Also, it was a story of five days. So, every single moment is documented and monitored. As all those moments had a connection somewhere else. When I used to go onset I would actually start the clock according to the first night she went to the hospital. How many hours she has been on her feet? How exhausted she is? What was the last break through in the case? What was her last conversation with XYZ people? Her team, daughter all of that and of course the protocol of police procedure. And the personal relationships she shares with everyone. And holding it all back and having that power and command to sort this out was an undetering focus. She was obssesed with getting these guys. It's a lot, she is a tremendeously layered character. 


Any scene which hit your mind and heart while performing?
It would be unfair to name one paricular scene. Every single scene, every single moment of me being on that set did it. And particularly the scene where I interogate the culprit and he tells me what he did to her. It was like I wanted to tear that man apart. Though it was an actor in front of me but when I heard it, it was unberable. It was like somebody has put their hand into my gut and pulled me out. It was that traumatic and the moment after that where she fling her shoe, I think that everything came out in that fling. I put a dent on the wall actually. I hit so hard that the actor just escaped. There was so much anger in me that time. 

The kind of outrage we saw against rapes during the Nirbhaya case, we were expecting it to stop for forever. Unfortunately it didn't happen.... what is your take on this?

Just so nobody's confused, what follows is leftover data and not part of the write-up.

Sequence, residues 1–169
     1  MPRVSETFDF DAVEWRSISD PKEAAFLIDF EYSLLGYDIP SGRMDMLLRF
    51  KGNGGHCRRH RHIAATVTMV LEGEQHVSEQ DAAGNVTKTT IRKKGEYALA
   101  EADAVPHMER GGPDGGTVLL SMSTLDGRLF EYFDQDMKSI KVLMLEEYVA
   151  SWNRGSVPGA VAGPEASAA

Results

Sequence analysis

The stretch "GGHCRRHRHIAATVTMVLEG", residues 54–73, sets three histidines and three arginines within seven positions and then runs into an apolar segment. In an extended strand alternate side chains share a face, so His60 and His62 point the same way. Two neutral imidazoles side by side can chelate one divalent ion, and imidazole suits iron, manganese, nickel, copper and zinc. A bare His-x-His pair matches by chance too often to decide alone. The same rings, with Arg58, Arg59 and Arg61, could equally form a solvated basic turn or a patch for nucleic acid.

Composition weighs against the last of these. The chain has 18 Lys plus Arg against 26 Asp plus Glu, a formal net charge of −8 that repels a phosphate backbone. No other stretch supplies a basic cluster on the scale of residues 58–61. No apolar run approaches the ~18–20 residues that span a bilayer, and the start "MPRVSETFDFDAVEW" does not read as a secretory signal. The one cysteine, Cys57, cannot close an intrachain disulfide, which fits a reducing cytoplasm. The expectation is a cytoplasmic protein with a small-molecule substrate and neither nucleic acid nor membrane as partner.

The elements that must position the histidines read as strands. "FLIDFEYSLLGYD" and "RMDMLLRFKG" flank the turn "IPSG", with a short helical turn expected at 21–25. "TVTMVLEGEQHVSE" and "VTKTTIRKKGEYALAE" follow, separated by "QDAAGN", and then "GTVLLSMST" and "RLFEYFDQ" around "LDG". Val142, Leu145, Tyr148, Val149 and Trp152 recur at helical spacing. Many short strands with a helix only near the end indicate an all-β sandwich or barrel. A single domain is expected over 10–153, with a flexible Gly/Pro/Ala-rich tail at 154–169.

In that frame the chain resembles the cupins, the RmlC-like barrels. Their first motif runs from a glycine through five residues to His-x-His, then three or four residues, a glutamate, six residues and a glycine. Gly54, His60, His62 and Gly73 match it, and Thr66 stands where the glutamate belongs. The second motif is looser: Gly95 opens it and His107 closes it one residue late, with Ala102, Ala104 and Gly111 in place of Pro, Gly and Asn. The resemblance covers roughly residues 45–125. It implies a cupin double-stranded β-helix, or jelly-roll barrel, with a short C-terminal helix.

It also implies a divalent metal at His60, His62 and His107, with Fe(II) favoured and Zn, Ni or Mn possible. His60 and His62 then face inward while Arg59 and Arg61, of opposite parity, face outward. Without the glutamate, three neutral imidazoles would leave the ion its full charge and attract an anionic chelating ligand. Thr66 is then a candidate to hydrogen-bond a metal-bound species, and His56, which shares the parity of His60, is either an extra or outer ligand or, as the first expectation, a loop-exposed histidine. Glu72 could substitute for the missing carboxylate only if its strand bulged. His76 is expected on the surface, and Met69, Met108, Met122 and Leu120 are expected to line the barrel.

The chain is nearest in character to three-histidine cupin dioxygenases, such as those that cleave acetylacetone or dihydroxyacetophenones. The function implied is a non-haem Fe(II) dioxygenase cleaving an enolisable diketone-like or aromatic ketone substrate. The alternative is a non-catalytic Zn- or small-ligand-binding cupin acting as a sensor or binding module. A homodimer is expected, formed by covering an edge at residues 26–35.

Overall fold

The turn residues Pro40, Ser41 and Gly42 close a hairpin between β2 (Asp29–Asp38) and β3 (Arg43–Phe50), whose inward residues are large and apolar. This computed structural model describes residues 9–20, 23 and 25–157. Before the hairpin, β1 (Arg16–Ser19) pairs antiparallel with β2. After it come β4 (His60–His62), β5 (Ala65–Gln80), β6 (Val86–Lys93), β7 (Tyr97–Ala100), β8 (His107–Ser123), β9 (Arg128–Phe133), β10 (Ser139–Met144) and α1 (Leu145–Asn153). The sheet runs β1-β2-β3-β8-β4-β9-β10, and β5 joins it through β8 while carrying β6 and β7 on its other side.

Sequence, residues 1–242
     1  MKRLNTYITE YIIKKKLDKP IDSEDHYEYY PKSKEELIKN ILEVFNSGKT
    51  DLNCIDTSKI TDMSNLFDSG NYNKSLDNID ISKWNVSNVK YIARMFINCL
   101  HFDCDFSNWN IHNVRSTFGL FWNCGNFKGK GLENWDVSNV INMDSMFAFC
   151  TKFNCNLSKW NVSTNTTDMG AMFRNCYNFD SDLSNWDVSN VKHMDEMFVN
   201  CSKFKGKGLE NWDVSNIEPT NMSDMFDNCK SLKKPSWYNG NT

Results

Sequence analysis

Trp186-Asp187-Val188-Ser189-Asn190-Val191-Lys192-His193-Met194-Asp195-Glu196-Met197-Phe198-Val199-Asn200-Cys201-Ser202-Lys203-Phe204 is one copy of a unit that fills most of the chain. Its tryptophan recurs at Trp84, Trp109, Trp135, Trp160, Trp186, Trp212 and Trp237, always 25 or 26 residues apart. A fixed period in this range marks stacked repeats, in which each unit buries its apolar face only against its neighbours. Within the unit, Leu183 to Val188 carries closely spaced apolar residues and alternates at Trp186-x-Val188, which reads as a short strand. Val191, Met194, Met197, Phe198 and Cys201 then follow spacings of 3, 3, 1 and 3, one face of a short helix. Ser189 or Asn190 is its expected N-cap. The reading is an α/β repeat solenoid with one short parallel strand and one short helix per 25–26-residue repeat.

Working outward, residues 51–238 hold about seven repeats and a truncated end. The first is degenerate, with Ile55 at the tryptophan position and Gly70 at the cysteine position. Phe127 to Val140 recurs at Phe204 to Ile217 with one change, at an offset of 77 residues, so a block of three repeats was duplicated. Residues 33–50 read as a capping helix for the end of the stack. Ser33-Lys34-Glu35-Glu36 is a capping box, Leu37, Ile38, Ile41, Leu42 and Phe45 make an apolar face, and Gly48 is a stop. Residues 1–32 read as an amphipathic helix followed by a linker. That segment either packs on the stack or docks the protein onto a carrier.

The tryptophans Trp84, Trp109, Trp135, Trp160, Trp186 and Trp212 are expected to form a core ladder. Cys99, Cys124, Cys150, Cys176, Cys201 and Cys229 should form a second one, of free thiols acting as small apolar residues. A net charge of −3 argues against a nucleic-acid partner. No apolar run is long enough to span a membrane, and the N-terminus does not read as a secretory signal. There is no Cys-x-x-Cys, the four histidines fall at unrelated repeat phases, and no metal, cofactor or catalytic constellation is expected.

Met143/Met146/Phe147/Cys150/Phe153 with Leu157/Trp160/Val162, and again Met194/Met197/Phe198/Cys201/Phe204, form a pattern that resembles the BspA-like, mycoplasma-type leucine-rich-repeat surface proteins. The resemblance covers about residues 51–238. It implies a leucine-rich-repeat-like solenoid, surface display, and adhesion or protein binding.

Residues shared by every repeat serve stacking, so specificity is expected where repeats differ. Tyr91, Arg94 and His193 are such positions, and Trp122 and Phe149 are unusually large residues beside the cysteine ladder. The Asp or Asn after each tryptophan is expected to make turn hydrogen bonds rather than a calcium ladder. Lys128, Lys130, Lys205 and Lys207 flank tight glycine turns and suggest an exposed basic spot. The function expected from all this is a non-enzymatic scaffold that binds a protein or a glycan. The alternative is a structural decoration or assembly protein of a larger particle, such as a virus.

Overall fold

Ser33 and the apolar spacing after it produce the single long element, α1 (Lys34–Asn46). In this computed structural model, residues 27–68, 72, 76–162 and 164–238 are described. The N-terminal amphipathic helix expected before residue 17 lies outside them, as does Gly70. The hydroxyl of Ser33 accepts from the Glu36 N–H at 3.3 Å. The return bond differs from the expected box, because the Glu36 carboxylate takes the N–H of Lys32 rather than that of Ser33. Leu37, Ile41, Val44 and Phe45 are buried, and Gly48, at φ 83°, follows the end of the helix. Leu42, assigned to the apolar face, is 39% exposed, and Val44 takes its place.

A lot is needed to bring this change and it is a collabrative, cumulative effort to make it stop. There is years of patriarchy, gender biased, supression and mindset. It's going to take everything in power individually. Not just social or goverment reforms or education. Every single one of us can contribute to bring this difference. I as a mother of two sons can make a difference by raising my sons right. We are shying away from the responsiblity. Everyone of us is responsible for this. And how are we going to bring the change and it's not going to happen overnight. 


Do you now feel pressurised while choosing the characters?
I have always been extremely choosy about the work I do. I don't have a very long resume but I have a very strong resume. When I look back at  the work I have done, I feel very proud being part of some incredible projects. Be it Monsoon Wedding, Satya or Gandhi My Father or The Last Lear. Everytime I get offered something, it has to be at power or more. I don't pick up shows or films just because I have to go to work. I do it because I love it too much. Whatever I do now has to rise up to DC or higher to DC. The bar keeps getting higher.

What sort of offers have you been reciving after playing a strong cop?
I am happily saying this that the kind of work I am being offered and I will be doing in the coming years, is what I have desired all these years.


Any character you played that made you feel that you were made for it?
Delhi Crime and Juice. 

Image source: instagram/shefalishahofficial/